Founder of Mozzeria,
SF's first Deaf-owned pizzeria
When Mozzeria, a hideaway-style restaurant on 16th Street in San Francisco's Mission District, opened its doors on December 9, 2011, it was the culmination of a lifelong dream for Melody Stein.
Photo courtesy of Melody Stein/Mozzeria
After a nearly decade-long stint working at Communication Service for the Deaf (CSD) in Sioux Falls, South Dakota, Melody and Russ returned to San Francisco. After trying Neapolitan-style pizza (and "falling in love" with it, she learned the art of making them, from scratch, in Italy. Neapolitan-style pizzas are cooked quickly in wood-fired brick ovens (90 seconds at 12,000º), which gives them a blistered, even charred, texture and a distinctively smoky taste. Stein ordered a wood-burning oven from Naples—the focal point of the sleek little eatery.
Next came the ordeal of securing funding for her new venture. Restaurants are considered "the worst business risk for investment," even for hearing entrepreneurs. In San Francisco, a city with a sophisticated culinary culture, the competition is fierce. Stein had to cope with additional frustrations, such as the various City inspectors who arrived without the sign-language interpreters she'd requested. She's kept an iPad handy for multiple-person meetings, and also uses a UbiDuo.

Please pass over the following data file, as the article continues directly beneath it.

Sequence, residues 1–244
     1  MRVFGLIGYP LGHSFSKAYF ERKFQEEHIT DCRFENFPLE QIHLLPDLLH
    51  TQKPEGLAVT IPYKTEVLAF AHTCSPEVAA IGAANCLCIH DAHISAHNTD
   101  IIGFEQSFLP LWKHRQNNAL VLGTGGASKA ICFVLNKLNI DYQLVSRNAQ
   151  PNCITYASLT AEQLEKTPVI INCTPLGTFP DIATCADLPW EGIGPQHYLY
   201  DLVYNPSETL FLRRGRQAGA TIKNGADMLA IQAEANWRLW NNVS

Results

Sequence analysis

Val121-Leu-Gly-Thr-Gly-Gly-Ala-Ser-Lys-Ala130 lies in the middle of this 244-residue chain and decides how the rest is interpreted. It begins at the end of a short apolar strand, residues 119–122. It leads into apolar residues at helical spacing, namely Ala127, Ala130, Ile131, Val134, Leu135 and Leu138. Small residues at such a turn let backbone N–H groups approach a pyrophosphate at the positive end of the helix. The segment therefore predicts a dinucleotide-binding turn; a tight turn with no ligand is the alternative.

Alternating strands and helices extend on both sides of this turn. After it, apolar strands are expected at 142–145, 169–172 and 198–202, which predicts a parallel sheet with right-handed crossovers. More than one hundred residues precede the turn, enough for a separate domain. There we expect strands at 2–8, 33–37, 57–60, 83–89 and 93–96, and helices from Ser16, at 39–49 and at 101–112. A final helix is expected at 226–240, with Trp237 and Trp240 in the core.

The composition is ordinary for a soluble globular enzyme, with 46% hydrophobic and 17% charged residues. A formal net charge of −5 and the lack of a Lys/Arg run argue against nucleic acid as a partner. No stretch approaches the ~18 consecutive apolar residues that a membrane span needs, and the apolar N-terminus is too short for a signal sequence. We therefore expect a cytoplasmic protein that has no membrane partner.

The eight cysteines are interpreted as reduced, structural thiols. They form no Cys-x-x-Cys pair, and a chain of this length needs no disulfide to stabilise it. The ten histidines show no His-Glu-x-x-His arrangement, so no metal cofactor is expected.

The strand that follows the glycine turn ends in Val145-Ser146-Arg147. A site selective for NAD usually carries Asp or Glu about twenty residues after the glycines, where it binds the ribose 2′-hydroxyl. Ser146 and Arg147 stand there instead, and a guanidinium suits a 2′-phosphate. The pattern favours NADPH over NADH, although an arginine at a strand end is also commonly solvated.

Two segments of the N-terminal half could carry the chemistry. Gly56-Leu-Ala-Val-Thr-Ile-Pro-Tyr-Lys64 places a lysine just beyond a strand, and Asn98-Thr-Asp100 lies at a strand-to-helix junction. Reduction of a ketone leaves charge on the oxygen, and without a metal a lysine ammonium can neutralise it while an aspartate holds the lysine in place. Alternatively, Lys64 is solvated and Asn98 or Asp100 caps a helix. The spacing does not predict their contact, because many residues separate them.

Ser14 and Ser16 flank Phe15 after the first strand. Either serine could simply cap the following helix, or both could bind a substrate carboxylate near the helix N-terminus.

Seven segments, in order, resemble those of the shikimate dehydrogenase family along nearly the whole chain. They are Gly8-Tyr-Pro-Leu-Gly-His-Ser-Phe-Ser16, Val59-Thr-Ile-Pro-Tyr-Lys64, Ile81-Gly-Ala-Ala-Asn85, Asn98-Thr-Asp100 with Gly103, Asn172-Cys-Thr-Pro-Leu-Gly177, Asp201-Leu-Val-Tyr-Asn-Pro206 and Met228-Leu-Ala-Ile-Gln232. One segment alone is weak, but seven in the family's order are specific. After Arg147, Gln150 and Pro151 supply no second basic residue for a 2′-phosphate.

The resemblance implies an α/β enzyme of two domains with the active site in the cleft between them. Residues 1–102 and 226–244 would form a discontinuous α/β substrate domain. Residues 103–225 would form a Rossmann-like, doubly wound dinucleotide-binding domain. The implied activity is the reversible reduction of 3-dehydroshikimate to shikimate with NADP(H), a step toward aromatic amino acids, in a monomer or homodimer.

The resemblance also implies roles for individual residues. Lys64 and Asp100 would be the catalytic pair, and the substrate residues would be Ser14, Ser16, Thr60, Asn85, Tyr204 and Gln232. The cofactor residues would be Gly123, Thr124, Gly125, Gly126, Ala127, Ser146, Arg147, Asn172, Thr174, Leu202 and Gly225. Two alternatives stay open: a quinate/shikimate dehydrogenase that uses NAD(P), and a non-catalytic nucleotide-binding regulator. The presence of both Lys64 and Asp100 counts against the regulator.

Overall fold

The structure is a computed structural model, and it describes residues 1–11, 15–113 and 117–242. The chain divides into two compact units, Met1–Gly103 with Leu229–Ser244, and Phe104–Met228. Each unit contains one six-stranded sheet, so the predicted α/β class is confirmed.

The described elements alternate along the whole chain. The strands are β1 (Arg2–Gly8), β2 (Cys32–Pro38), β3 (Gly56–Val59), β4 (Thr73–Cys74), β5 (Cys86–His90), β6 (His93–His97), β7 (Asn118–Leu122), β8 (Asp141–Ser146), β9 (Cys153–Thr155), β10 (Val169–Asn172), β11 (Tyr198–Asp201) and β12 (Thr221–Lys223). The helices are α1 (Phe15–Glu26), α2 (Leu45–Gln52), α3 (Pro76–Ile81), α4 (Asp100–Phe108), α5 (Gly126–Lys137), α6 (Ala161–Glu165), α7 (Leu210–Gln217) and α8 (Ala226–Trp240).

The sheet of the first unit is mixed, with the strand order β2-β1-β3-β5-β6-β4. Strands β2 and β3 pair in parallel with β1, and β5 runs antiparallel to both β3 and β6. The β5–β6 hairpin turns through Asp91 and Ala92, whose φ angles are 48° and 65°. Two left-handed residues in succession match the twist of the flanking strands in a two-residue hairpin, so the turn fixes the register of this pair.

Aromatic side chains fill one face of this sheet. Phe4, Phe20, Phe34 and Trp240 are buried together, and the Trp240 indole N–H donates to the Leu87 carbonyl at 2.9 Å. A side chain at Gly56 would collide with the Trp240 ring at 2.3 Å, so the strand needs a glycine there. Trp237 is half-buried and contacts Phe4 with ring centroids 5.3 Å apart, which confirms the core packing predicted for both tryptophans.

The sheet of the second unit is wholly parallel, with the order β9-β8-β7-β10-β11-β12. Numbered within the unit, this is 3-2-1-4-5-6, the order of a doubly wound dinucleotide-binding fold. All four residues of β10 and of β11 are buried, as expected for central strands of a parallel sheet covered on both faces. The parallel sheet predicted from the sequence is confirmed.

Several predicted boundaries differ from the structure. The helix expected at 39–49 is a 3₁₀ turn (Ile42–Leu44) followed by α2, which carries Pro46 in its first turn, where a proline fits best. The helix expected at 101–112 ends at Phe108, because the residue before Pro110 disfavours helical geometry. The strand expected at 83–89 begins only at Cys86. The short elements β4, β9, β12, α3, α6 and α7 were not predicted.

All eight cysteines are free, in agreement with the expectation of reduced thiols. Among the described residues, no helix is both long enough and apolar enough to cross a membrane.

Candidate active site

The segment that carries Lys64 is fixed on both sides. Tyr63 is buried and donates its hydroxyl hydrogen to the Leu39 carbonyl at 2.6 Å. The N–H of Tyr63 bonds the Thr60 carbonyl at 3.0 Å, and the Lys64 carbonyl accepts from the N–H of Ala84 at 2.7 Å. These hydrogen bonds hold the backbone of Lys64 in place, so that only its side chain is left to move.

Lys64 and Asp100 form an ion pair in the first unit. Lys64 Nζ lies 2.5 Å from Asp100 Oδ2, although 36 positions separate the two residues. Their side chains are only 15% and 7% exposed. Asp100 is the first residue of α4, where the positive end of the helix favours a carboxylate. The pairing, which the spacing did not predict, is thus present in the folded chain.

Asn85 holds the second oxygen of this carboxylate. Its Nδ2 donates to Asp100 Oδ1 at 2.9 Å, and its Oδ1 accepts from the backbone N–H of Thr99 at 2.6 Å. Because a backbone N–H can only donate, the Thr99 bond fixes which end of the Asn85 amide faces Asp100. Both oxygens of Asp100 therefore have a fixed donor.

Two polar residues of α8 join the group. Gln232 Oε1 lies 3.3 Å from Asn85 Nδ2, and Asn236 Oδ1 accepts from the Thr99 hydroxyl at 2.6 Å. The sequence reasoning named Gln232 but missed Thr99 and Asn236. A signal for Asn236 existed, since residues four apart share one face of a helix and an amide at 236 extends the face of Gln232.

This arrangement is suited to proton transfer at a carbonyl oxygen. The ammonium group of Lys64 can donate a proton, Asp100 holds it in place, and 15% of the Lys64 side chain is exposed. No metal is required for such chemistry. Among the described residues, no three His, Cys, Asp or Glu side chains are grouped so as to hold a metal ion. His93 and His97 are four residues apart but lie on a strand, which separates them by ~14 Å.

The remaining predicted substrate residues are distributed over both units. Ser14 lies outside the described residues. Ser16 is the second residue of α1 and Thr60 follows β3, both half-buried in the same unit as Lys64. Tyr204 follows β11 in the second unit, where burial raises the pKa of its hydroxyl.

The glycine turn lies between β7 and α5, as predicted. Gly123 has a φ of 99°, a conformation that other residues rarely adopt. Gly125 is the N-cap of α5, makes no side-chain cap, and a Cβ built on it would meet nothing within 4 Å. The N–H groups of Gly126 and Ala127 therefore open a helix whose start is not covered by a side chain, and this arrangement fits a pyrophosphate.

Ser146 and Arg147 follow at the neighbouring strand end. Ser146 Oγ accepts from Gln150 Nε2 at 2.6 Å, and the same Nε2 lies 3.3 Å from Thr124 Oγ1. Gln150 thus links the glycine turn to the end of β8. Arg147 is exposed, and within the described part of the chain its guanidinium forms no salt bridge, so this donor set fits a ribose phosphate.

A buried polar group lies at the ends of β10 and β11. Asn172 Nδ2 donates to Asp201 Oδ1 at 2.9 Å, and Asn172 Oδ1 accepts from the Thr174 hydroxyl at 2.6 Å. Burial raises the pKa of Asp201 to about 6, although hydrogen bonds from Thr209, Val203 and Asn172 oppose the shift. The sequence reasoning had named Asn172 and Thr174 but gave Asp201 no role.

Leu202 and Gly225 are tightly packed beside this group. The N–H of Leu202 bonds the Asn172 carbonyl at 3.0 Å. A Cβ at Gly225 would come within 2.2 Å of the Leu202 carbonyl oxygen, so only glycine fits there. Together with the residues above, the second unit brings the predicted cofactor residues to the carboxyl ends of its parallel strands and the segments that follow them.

On December 9, 2011, Mozzeria opened for dinner. There was a large, enthusiastic crowd (although the space is relatively small). Despite glitches such as neighborhood power outages, business has been hot. (Russ dashed out to buy candles for the tables, and the menu was curtailed . . . and, of course, pizza was available. Customers still came in.) Mozzeria has already hosted several private gatherings, such as Gallaudet alumni and a wedding reception.
Deaf and hearing diners, signers and nonsigners, are equally welcome. They use VRS for takeout orders. Their serving staff are all fluent in ASL; three are Deaf. Two dishwashers are Deaf; the third knows ASL. The Steins' goal is to have a restaurant known for its excellent Italian food. Most of the reviews have been good, as word has gotten around. During dinner, the 45-seater space gets filled quickly (so while walk-ins are welcome, reservations are recommended). Many patrons have sampled the menu and returned, so there's a cadre of regulars.
Stein calls her experience a "journey" and an "adventure." It's one that's just starting to unfold.